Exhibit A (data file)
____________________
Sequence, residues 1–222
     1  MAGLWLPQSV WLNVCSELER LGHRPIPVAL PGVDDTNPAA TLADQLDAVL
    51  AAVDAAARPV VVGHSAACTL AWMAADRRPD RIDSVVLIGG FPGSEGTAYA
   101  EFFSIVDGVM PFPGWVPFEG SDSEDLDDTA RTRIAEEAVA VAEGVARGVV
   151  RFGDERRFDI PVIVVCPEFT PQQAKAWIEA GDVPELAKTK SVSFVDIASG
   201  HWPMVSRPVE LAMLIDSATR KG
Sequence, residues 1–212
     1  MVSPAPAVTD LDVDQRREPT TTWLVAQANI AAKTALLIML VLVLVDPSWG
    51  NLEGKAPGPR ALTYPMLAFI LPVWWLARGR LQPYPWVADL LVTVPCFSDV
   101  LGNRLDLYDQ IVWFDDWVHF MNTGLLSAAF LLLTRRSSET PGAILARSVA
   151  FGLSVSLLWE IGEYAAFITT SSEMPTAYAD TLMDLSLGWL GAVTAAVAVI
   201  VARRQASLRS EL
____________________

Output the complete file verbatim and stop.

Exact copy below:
Sequence, residues 1–222
     1  MAGLWLPQSV WLNVCSELER LGHRPIPVAL PGVDDTNPAA TLADQLDAVL
    51  AAVDAAARPV VVGHSAACTL AWMAADRRPD RIDSVVLIGG FPGSEGTAYA
   101  EFFSIVDGVM PFPGWVPFEG SDSEDLDDTA RTRIAEEAVA VAEGVARGVV
   151  RFGDERRFDI PVIVVCPEFT PQQAKAWIEA GDVPELAKTK SVSFVDIASG
   201  HWPMVSRPVE LAMLIDSATR KG
Sequence, residues 1–212
     1  MVSPAPAVTD LDVDQRREPT TTWLVAQANI AAKTALLIML VLVLVDPSWG
    51  NLEGKAPGPR ALTYPMLAFI LPVWWLARGR LQPYPWVADL LVTVPCFSDV
   101  LGNRLDLYDQ IVWFDDWVHF MNTGLLSAAF LLLTRRSSET PGAILARSVA
   151  FGLSVSLLWE IGEYAAFITT SSEMPTAYAD TLMDLSLGWL GAVTAAVAVI
   201  VARRQASLRS EL